wordcloud package to generate a word-cloud of extracted keywords.
Pre-processing with udpipe
In prior text-mining posts, I used tidytext to handle tokenization, however, in this analysis I will leverage the
udpipe package. The
udpipe is a R wrapper around the C++ library of the same name that uses a pre-trained language models to easily tokenize, tag, lemmatize or perform dependency parsing on text in any language. The “ud” in udpipe stands for Universal Dependencies which is a “framework for consistent annotation of grammar”.
In order to prepare the data for the model there needs to be some light pre-processing as
udpipe expects the data to have a
doc_id and a
#Columns need to be doc_id and text for the model cleaned <- iglite %>% mutate(doc_id = row_number(), text = str_to_lower(reviews), text = str_replace_all(text, "'", ""))
To annotate our data with
udpipe I’ll call the
udpipe() function with my data and the language of the model to use. This function is will download the appropriate language model, in this case English, and then annotate the data.
annotated_reviews <- udpipe(cleaned, "english")
To show what the
udpipe model did to the data we can look at the first review before the annotations:
|its surely consumes less data than original app, but many of you may not get comfortable with this interface. one of the major problems i faced was that stories are getting replayed many times without me doing anything. the next major issue is that if you dont like a post it comes to your feed everytime over and over again until you like the post. hope instgram team will find a solution to these problems|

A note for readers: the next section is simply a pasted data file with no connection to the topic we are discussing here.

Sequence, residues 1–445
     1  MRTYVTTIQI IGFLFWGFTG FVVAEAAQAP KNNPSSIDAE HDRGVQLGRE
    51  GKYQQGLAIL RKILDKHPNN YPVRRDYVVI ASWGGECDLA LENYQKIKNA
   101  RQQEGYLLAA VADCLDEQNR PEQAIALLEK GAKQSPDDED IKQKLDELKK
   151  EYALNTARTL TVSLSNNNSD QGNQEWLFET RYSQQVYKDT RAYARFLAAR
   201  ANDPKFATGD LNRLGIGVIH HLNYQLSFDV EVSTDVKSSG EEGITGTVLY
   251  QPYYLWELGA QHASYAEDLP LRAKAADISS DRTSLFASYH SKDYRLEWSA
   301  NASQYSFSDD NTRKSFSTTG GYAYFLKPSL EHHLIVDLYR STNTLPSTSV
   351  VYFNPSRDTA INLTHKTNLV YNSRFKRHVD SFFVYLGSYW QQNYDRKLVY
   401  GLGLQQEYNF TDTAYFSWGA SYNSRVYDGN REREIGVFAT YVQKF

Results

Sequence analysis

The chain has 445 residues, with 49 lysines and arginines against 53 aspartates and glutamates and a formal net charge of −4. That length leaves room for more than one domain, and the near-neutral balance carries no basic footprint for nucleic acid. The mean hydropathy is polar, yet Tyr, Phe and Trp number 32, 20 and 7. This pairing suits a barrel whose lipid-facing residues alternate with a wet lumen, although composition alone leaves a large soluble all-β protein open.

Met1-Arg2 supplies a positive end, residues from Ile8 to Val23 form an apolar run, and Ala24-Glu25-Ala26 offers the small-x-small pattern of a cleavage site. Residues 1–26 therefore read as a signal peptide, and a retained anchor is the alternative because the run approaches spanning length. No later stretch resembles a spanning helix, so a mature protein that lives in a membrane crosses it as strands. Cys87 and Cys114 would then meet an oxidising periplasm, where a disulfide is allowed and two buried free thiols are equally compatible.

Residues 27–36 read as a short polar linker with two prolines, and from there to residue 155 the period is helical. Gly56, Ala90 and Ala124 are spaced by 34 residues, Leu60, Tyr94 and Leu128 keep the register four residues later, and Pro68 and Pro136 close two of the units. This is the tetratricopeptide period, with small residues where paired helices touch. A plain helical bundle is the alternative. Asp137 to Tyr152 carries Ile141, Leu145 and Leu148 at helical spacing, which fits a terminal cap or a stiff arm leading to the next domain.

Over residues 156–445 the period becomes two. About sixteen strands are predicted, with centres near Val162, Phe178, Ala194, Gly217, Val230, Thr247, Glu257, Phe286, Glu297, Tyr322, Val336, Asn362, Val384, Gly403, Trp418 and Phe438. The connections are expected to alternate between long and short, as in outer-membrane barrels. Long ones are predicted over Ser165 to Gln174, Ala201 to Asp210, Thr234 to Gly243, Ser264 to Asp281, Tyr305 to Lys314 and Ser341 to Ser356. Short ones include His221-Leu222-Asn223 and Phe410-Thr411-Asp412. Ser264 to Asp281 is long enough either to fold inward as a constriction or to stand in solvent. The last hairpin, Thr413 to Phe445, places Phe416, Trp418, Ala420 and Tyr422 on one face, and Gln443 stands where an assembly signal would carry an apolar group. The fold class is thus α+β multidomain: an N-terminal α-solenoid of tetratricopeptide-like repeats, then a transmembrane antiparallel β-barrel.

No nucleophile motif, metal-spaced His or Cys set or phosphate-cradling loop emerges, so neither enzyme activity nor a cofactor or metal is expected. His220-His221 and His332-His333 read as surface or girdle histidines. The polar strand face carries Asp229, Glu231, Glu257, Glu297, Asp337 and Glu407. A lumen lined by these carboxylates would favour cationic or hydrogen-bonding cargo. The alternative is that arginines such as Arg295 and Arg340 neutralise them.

and after the annotations:
annotated_reviews %>% filter(doc_id == 1) %>% head(3) %>% knitr::kable()
|1||1||1||its surely consumes less data than original app, but many of you may not get comfortable with this interface.||1||3||1||1||its||its||PRON||PRP$||Gender=Neut|Number=Sing|Person=3|Poss=Yes|PronType=Prs||3||nsubj||NA||NA|
|1||1||1||its surely consumes less data than original app, but many of you may not get comfortable with this interface.||5||10||2||2||surely||surely||ADV||RB||NA||3||advmod||NA||NA|
|1||1||1||its surely consumes less data than original app, but many of you may not get comfortable with this interface.||12||19||3||3||consumes||consume||VERB||VBZ||Mood=Ind|Number=Sing|Person=3|Tense=Pres|VerbForm=Fin||0||root||NA||NA|
We now get a ton of metadata including indicators for the sentence, we can the token (
token) and its lemma (
lemma) (note that consumes becomes consume), parts of speech (
upos), and dependency relationships (
deprel) and more.
Now that we’ve tokenized the data we can start using it to analyze the reviews.
The first analysis task will be biterm modeling using the
BTM package. The Biterm Topic Model model was developed by Yan et. al as a means to determining the topics that occur in short-texts such as Tweets (or in this case Google Play Reviews). Its meant to provide an improvement to traditional topics modeling in uses cases such as this. My understanding of the difference between traditional topic modeling and biterm topic model is that in the former, the model learns word co-occurrence within documents, while with the later, the model learns word co-occurrences within a window across the entire set of documents. In this context a “biterm” consists of two words co-occurring in the same context, for example, in the same short text window. This analysis is modeled after the one from bnosac.